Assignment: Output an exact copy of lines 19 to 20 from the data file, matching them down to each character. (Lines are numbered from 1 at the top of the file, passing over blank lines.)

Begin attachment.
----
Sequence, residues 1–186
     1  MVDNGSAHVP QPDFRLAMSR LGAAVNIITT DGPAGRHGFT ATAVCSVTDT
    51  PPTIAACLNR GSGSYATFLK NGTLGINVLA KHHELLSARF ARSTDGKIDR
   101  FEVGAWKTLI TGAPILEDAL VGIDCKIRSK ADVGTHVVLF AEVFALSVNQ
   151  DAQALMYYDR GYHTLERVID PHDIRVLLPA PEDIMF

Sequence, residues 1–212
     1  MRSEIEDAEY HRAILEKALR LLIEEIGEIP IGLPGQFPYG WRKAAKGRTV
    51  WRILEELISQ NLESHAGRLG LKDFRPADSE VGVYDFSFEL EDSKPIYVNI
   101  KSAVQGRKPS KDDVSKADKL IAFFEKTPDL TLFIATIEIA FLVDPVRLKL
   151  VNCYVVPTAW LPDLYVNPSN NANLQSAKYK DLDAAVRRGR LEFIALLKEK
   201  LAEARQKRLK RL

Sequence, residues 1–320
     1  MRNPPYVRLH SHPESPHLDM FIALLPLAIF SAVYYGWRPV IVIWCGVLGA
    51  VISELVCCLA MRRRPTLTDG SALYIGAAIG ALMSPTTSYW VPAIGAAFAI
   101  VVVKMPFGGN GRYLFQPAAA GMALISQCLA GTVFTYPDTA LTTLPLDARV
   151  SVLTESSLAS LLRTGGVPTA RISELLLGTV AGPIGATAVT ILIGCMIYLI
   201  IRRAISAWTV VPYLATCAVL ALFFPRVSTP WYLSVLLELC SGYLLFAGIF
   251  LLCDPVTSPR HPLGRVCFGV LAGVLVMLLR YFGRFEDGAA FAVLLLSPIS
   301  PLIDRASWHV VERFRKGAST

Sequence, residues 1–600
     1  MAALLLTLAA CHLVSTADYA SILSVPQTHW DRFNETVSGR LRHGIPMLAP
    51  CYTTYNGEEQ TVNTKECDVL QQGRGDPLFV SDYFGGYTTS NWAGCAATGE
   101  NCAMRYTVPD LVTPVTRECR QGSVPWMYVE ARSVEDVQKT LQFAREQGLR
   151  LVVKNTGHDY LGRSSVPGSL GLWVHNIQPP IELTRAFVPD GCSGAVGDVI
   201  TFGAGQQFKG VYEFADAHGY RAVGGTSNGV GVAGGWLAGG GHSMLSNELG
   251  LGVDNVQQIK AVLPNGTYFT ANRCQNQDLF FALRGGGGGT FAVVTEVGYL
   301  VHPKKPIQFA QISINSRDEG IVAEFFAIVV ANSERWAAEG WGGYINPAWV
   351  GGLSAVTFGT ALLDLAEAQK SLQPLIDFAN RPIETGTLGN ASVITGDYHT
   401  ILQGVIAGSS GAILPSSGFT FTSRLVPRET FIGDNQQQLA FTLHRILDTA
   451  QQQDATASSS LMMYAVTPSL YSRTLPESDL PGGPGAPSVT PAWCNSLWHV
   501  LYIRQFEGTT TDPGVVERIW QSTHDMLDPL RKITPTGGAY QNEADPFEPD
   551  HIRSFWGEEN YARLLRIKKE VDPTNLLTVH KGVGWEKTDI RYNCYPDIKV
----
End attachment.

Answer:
   301  PLIDRASWHV VERFRKGAST

Sequence, residues 1–600